The film finishes, and a hesitant clapping rounds the auditorium. Was it imagination or was everyone uncomfortable? Are they uncomfortable because they had noticed we are of African descent or because they were truly uncomfortable? Would they have clapped and cheered if they weren’t there? We don’t clap. We don’t look at each other, knowing what the other is thinking and feeling. And for goodness’ sake don’t turn around.

   This is a common experience for Black people and people of color at outdoor film festivals and at white-dominated public spaces in general: bearing the brunt of one’s culture being appropriated and abused by those whose privilege in society allows them to unabashedly disrespect, steal, and brutalize without consequence. This isn’t the first time Hip Hop has been used in the outdoor industry. Hip Hop is often played in outdoor films during an ascent or throughout a segment of intricate climbing  moves. Normally, there are no Black folks present in these instances when Hip Hop is used, whether on the big screen or on social media posts of the producing entities. Film festivals playing Hip Hop during moves make our eyes roll silently thinking: “ok there are no Black folks in your film/climbing posts/trips/media so probably none in your everyday life, so why the Hip Hop?” And an eye roll is all that has been garnered until the release of this film because it has gone too far.

   This film was the worst case of Black cultural appropriation in climbing films. It unapologetically charades privilege in front of historically and currently oppressed Black people while also ignoring current Hip Hop artists who do climb.

   Why did it feel so embarrassing for us to witness this appropriation of Hip Hop on the big screen in front of an audience? What implications does it have on the climbing community? Are there actually climbing Hip Hop artists who are Black out there? Any women, trans women, or non-binary climbing Hip Hop artists who are Black? To explore these answers, we must visit the past of hippie/dirtbag climbing culture, Hip Hop use in past climbing videos, and the demographics of the climbing community all to ultimately arrive under the scrutiny of intersectionality, appropriation, and why it is harmful to African Americans (climbers and non).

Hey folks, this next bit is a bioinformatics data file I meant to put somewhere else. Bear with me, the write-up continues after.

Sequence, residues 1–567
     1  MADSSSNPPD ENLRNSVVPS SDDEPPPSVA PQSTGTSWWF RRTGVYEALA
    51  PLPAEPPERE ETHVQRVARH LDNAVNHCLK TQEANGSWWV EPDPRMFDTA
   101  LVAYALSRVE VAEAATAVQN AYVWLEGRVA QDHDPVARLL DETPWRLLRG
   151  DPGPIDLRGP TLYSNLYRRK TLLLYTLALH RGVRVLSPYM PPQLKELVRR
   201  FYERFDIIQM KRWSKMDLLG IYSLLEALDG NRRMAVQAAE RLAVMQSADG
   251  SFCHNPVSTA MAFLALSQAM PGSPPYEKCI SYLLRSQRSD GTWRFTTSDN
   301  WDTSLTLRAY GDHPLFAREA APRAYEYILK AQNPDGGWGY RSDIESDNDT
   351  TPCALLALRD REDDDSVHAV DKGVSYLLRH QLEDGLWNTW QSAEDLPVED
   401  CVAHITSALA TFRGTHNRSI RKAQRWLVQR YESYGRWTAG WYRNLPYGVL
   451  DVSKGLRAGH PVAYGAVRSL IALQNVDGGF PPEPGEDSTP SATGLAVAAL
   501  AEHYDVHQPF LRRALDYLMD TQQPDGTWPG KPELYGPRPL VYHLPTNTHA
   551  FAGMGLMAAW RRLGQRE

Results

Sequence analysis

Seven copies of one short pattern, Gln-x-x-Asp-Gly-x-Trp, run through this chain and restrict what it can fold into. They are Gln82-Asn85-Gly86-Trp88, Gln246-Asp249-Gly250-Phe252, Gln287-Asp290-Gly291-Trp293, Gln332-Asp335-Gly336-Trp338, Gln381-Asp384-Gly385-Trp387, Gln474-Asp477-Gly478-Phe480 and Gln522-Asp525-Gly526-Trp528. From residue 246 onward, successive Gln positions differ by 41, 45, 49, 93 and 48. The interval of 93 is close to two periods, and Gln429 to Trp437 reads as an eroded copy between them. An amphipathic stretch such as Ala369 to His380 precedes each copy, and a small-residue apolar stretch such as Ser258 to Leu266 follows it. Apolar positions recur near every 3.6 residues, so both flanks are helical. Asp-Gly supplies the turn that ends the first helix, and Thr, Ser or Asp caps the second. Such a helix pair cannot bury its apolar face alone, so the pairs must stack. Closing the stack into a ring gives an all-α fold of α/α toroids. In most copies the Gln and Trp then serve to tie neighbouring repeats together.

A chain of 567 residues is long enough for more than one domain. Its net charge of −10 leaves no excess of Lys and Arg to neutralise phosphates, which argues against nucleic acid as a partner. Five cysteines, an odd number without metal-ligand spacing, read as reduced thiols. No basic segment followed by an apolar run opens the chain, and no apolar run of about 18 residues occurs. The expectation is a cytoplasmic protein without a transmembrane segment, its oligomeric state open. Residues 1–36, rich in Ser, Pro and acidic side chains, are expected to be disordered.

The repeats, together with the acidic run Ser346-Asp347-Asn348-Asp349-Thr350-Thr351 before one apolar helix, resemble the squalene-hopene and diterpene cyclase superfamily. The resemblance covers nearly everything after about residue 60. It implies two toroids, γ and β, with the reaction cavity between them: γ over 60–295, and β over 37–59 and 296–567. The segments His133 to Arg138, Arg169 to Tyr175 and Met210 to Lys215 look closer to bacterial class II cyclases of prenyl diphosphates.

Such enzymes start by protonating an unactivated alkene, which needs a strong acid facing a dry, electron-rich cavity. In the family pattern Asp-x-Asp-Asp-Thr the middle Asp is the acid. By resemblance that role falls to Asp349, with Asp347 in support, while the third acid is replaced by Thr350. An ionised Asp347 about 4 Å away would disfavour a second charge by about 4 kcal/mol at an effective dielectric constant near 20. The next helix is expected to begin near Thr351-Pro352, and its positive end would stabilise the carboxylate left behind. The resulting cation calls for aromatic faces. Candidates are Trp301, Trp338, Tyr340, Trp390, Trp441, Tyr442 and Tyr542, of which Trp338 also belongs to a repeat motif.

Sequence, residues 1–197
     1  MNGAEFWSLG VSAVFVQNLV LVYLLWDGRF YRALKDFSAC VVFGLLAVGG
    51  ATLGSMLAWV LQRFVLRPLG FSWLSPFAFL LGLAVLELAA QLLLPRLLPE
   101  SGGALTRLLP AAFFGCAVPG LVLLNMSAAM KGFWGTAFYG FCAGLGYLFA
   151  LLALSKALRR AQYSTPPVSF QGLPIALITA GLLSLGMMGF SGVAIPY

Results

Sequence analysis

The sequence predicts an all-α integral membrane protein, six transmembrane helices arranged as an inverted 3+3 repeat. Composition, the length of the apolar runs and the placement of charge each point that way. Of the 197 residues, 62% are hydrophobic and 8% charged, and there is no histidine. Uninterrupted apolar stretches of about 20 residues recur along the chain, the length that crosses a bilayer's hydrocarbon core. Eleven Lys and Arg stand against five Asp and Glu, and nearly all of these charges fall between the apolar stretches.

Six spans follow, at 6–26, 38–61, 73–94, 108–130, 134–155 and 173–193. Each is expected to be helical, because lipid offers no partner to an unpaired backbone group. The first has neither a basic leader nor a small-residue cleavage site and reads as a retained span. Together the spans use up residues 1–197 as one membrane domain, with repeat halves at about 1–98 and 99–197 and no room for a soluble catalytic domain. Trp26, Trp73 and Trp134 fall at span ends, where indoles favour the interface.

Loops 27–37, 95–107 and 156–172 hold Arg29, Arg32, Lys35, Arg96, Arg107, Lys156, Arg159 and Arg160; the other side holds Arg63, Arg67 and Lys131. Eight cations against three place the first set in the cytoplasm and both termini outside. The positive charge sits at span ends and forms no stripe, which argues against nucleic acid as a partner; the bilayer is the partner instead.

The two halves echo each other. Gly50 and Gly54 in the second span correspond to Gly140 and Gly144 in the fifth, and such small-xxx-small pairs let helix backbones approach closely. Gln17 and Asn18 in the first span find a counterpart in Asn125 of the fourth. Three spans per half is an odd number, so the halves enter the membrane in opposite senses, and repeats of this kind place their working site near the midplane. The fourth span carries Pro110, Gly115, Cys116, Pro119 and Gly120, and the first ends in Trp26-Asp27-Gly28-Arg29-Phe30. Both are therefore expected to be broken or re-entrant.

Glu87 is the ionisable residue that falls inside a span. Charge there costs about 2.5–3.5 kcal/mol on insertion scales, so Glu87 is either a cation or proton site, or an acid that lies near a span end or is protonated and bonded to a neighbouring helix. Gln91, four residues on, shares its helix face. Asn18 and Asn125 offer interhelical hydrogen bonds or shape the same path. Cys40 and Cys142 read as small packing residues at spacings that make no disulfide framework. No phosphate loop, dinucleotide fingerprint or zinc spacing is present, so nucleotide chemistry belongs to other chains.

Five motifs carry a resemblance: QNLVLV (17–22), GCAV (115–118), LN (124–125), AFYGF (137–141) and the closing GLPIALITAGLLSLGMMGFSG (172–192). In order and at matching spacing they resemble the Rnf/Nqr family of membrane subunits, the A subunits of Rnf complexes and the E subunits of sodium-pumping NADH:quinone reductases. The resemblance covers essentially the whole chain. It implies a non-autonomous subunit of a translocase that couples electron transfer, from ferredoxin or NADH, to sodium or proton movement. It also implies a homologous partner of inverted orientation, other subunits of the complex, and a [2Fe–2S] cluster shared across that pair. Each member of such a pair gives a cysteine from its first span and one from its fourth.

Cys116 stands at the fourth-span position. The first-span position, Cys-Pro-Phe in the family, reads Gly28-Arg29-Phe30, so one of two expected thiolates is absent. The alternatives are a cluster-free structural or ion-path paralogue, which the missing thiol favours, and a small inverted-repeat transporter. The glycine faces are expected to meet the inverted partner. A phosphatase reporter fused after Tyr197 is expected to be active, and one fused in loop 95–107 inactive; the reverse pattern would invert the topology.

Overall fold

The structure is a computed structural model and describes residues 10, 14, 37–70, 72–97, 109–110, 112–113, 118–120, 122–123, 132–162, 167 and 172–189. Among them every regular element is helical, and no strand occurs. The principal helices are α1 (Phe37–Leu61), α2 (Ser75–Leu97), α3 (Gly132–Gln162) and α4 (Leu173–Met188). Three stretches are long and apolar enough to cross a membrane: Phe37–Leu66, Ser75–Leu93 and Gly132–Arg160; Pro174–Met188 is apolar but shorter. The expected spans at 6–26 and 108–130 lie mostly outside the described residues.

First, an examination on climbing culture. Hippie culture has made its way into climbing culture disguised under the name “counterculture.” A popular term synonymous in the mainstream climbing climate, this label has not simply dropped out of the sky. It, like anything else, has a history.

   This article will be posted in a series of blogs with the following sections:

Part II: The Birth of Climbing

Part III: “Counterculture”

Part IV: Climbing Demographics and Inclusion

Part V: Snousha

Part VI: Non-Black People of Color and Hip Hop

Part VII: The Black Climbing Community

17 Dec 2020

Author: Crystal Rose H.

Cited Sources:

1. “WATER (IF ONLY THEY KNEW) ft. Mahalia.” YouTube, uploaded by KOJEY RADICAL, 19 Jun 2018, https://www.youtube.com/watch?v=i6CbtXl2JUM.

2.  Athena, Emma. “A ‘Pretty’ Strong Step.” Boulder Weekly, 9 Jan 2020, https://www.boulderweekly.com/adventure/a-pretty-strong-step/, 13 Oct 2020.

3. Karlo, Kathy. “Welcome to No Man’s Land.” http://nomanslandfilmfestival.org/ 19 Jun 2018

4. “Hip Hop GONE WILD.” YouTube, uploaded by Becca Droz, 23 Sep 2018, https://www.youtube.com/watch?v=AAUZ3NBFx_w.

5 thoughts on “Hip Hop in Climbing: Part I

  1. This is great! I’m looking forward to learning more. And I’m already thinking of times when I’ve both cringed with some awareness of Hip Hop appropriation yet dismissed those feelings and clapped anyway. Time to change that habit!